Al's Gritty Mix- issue

breton2February 3, 2013

Hello
After reading testimonials about Al's Gritty mix for a while online, I decided to move some of my jades into it this past summer. However, i can;t seem to keep them watered enough to avoid shrivelling leaves. They are a Gollum and a variegated jade, in 6 inch clay pots, indoors for the winter. I am giving them a good soaking every 10 days or so, but they are still dropping leaves and small branches. Getting kind of straggly...So far I am not impressed with the results.... Do they really need to be water more often when in this mix? If so, I'm seriously considering putting them back in the old C& S soils/half grit mix I've always used prior to this. I have noticed, oddly, that a few smaller plants, mostly Echeverias, in smaller clay pots, don't seem to be getting so dry.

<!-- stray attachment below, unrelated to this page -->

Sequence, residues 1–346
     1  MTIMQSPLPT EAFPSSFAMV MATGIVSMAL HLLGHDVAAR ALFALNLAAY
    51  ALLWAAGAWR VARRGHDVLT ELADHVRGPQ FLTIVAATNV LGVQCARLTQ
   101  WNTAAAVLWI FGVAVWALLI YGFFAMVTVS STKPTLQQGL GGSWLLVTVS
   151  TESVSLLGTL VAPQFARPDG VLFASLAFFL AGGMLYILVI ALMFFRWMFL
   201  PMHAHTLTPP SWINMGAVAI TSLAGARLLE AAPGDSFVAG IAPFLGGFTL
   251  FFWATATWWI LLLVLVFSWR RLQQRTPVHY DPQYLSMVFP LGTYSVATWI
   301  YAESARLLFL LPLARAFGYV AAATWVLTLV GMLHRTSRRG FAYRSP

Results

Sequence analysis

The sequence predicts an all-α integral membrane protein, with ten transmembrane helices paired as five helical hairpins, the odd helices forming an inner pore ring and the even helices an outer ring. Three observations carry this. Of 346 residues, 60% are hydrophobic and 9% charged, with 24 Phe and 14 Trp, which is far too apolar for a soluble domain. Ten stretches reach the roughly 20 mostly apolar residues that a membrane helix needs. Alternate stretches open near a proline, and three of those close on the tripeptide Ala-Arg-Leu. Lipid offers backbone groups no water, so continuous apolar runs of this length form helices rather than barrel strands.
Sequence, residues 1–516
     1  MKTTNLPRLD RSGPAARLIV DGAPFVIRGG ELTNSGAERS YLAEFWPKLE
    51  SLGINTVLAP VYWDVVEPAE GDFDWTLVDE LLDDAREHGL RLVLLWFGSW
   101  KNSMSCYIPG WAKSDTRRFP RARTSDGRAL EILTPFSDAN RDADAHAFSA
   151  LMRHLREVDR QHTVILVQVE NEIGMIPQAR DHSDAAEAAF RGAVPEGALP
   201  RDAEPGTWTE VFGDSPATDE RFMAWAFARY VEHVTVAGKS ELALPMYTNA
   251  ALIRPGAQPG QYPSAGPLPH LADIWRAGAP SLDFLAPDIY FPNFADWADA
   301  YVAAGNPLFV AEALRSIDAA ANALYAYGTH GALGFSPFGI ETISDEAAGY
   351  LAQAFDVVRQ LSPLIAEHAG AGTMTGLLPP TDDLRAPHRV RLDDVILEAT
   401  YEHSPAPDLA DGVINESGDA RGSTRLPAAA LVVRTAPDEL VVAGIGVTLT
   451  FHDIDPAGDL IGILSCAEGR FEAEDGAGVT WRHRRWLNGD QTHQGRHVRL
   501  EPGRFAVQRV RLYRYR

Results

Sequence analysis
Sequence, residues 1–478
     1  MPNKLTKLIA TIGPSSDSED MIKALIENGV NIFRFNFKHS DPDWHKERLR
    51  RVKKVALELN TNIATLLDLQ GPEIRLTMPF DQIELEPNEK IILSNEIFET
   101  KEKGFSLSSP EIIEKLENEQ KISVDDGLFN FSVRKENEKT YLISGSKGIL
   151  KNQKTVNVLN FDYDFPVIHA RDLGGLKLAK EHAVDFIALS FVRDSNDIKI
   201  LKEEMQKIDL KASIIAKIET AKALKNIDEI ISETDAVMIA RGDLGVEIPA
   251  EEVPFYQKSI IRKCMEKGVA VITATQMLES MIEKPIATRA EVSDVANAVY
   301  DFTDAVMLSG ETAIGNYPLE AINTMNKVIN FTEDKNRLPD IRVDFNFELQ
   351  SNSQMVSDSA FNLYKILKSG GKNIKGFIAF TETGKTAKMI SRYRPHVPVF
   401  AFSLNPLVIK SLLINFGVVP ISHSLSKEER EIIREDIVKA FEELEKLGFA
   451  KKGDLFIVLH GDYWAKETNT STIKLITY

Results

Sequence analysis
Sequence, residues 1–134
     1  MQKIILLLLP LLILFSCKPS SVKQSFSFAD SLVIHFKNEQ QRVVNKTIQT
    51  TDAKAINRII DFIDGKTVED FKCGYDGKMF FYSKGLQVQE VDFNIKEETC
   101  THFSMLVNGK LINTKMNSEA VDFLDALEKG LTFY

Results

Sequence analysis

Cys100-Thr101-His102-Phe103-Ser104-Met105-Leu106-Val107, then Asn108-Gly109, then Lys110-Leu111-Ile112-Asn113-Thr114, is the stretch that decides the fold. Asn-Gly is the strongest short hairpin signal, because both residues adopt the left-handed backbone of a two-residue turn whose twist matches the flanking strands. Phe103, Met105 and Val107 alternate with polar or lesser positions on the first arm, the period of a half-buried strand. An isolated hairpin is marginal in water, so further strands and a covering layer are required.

Any ideas/comments?

P.S. My plants are indoors for the winter because I live in coastal zone 6, and no, a greenhouse is not in the cards anytime soon..

Breton

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kaktuskris(5)

This is a sticky issue on this forum. Dissent is seen as heresy in the gritty camp here. I see it as a lifestyle thing. If you have time to water more frequently, the gritty mix is an excellent choice, but if you have a more busy life, as with most of us, gritty mix can be an issue. Just my dos pesos, mind you.

Christopher

    Bookmark   February 3, 2013 at 7:47PM
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greenman28 NorCal 7b/8a

I water my Jades in small pots about once a week, now that the sun is getting stronger.
Jades will shed leaves and branches if there isn't sufficient light to support all of the foliage.
It happens on some of my Jades inevitably. Could this be at work, as well?